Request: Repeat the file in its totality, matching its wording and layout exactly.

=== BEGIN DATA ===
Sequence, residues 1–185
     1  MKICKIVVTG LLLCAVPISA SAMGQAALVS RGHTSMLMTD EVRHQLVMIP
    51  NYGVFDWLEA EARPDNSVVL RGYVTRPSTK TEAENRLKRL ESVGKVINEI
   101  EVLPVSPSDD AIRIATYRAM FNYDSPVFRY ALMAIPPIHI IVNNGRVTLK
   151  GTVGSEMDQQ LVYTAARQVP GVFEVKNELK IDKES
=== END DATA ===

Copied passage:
Sequence, residues 1–185
     1  MKICKIVVTG LLLCAVPISA SAMGQAALVS RGHTSMLMTD EVRHQLVMIP
    51  NYGVFDWLEA EARPDNSVVL RGYVTRPSTK TEAENRLKRL ESVGKVINEI
   101  EVLPVSPSDD AIRIATYRAM FNYDSPVFRY ALMAIPPIHI IVNNGRVTLK
   151  GTVGSEMDQQ LVYTAARQVP GVFEVKNELK IDKES